CALM & LYNX
At CALM we are working with Lynx to raise awareness of male suicide through the ‘Bigger Issues’ campaign, so that men feel able to get help when they need it. Lynx are also helping us take thousands of extra life saving calls each year by helping us employ more helpline staff.
As well as this campaign you can be kept informed of our progress and activities, and get more involved in CALM, by signing up to our mailing list.
To explore our website, read stories and articles, be inspired and informed and contribute your own stories, visit our homepage.
If you can’t find what you’re looking for then email us at [email protected]net
Worried about someone?
If you're worried that someone you know may be feeling suicidal it can be really hard to know what to say to them.
Maybe you're worried about upsetting them by bringing it up. Below you’ll find information on signs that someone could be feeling suicidal, what to say to them, how to say it and where to find help.
Suicide is rare but...
There are over 6,000 deaths by suicide in the UK every year – an average of 16 per day.
It can happen to anyone. There’s no such thing as ‘the suicidal type’.
We all go through tough times, whether it’s the break down of a relationship, losing a job, or feeling like a failure when good things are happening to other people.
It doesn’t have to be one big thing – it can be lots of smaller things, and remember that everyone deals with things differently.
Sometimes there are no warning signs
because the person wants to keep their personal crisis private, and so will work hard at hiding their thoughts and feelings.
Unexpected mood changes
- including suddenly being calm and happy after being very depressed
Increased drug or alcohol abuse
Anger or irritability
Neglect of personal appearance
Change in sleeping and eating patterns
Lack of energy
Talking about suicide or wanting to die
- their statements may be vague or appear to be joking about it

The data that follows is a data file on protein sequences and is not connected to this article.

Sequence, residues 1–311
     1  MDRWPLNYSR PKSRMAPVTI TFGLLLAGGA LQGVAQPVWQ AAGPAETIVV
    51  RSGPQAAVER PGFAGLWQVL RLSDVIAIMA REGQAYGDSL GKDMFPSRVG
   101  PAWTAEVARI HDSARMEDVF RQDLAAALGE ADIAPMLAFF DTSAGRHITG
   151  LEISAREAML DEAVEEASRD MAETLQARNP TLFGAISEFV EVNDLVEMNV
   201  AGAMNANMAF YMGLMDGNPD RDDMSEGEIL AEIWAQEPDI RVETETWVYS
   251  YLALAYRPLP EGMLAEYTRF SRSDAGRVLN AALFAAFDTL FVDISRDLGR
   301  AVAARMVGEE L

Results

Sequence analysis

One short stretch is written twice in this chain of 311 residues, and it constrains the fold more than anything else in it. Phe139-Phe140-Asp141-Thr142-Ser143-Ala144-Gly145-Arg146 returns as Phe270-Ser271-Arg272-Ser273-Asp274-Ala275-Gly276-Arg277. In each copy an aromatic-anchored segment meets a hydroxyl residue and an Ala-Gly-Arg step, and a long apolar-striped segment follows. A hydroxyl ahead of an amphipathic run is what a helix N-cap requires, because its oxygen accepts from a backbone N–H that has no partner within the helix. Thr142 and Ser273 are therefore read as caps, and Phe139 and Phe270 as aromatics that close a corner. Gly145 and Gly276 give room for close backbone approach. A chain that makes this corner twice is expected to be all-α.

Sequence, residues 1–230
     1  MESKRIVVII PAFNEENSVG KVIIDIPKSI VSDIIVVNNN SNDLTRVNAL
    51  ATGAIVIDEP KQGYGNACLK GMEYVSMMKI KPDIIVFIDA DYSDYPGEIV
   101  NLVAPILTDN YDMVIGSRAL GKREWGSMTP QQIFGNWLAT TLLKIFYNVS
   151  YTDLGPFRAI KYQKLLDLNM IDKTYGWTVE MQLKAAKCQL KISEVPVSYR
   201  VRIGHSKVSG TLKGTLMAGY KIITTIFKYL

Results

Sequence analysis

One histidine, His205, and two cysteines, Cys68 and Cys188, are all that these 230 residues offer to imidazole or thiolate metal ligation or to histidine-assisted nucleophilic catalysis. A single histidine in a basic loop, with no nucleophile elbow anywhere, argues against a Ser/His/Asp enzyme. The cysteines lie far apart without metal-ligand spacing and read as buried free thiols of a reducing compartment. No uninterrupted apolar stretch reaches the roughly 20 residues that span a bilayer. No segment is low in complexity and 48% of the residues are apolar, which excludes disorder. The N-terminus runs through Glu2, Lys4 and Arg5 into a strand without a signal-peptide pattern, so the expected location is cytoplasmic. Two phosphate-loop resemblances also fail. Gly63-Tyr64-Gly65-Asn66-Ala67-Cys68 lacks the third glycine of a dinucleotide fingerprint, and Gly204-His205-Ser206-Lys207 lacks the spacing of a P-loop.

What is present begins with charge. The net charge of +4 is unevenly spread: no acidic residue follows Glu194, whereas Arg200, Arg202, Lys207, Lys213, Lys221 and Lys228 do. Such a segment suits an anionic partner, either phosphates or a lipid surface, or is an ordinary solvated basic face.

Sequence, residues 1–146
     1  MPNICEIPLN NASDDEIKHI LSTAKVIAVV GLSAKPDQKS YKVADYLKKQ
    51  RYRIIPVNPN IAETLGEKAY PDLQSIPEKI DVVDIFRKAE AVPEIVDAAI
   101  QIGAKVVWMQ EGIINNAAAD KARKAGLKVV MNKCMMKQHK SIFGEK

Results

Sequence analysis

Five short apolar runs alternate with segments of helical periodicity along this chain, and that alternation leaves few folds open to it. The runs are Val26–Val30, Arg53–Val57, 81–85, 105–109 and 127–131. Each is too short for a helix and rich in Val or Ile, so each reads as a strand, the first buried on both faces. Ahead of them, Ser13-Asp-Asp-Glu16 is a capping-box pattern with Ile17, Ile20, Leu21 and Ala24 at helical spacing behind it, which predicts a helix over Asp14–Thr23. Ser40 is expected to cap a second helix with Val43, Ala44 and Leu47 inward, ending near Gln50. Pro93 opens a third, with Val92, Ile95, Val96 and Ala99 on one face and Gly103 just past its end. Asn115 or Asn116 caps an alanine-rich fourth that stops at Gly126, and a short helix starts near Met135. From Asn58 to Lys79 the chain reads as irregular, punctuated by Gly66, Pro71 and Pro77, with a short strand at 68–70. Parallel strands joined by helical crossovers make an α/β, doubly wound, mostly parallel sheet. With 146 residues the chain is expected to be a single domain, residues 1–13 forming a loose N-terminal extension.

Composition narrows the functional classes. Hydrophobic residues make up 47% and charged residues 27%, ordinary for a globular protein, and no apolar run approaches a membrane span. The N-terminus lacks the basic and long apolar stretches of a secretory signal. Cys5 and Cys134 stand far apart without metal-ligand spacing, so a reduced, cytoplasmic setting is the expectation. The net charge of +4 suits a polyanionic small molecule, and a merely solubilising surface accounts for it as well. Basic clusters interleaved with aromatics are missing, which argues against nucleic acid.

Giving away possessions
- to friends and family as if they won’t be seeing them again.
So how will you know?
It sounds scary, but the best thing to do is talk about it.
Just showing your support and giving someone space to communicate their feelings can be a huge release for them.
Don’t be scared of the S word
‘Won’t talking about suicide put the idea in their head?’
No. If a person is suicidal then the idea is already there, and if they aren’t it won’t do any harm – it might come as a great relief to actually acknowledge that they’re feeling like this.
Saying something is safer than saying nothing. Trust your gut and start the conversation. Saying the word suicide won’t make it happen.
What to say
EXPLORE HOW THEY’RE FEELING Ask questions like “How does that feel?” that keep the conversation open and allow them to talk
Don’t judge or criticise For example, they may be drinking too much alcohol. But pointing this out won’t be particularly helpful to them
Don’t deny what they’re telling you and don’t pretend you know how they feel or try to convince them how lucky they are
Reassure them that these feelings won’t last forever and that they can find help
Don’t try to solve their problems If someone is feeling suicidal, they need reassurance that they are valued that they can talk about how they feel and that help is available. Problem solving can come later
ASK THE QUESTION If they give any indication they’re feeling hopeless or can’t see the point of going on, ask them clearly, “Are you thinking about killing yourself?” or “Are you thinking about taking your own life?” Don’t be too quick to accept denials or jokes as responses
What to do next
Feeling suicidal is frightening. If someone tells you they’re feeling suicidal, make sure they’re not left alone. Remove anything they could use to take their own life.